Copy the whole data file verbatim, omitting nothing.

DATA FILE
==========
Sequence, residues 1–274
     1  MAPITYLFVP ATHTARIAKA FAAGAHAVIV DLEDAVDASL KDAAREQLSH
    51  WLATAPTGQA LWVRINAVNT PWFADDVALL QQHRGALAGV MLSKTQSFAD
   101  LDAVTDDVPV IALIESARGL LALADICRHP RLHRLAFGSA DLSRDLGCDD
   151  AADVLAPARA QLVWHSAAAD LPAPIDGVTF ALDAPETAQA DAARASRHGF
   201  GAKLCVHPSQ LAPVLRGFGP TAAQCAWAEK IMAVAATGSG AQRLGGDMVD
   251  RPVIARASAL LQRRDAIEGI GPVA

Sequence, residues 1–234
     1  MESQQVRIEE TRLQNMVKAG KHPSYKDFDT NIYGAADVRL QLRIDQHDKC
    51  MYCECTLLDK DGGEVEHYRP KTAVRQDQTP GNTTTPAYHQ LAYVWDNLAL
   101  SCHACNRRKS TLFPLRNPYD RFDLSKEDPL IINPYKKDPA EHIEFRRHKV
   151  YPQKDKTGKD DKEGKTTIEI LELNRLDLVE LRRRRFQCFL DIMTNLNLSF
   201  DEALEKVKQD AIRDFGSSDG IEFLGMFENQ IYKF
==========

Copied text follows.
Sequence, residues 1–274
     1  MAPITYLFVP ATHTARIAKA FAAGAHAVIV DLEDAVDASL KDAAREQLSH
    51  WLATAPTGQA LWVRINAVNT PWFADDVALL QQHRGALAGV MLSKTQSFAD
   101  LDAVTDDVPV IALIESARGL LALADICRHP RLHRLAFGSA DLSRDLGCDD
   151  AADVLAPARA QLVWHSAAAD LPAPIDGVTF ALDAPETAQA DAARASRHGF
   201  GAKLCVHPSQ LAPVLRGFGP TAAQCAWAEK IMAVAATGSG AQRLGGDMVD
   251  RPVIARASAL LQRRDAIEGI GPVA

Sequence, residues 1–234
     1  MESQQVRIEE TRLQNMVKAG KHPSYKDFDT NIYGAADVRL QLRIDQHDKC
    51  MYCECTLLDK DGGEVEHYRP KTAVRQDQTP GNTTTPAYHQ LAYVWDNLAL
   101  SCHACNRRKS TLFPLRNPYD RFDLSKEDPL IINPYKKDPA EHIEFRRHKV
   151  YPQKDKTGKD DKEGKTTIEI LELNRLDLVE LRRRRFQCFL DIMTNLNLSF
   201  DEALEKVKQD AIRDFGSSDG IEFLGMFENQ IYKF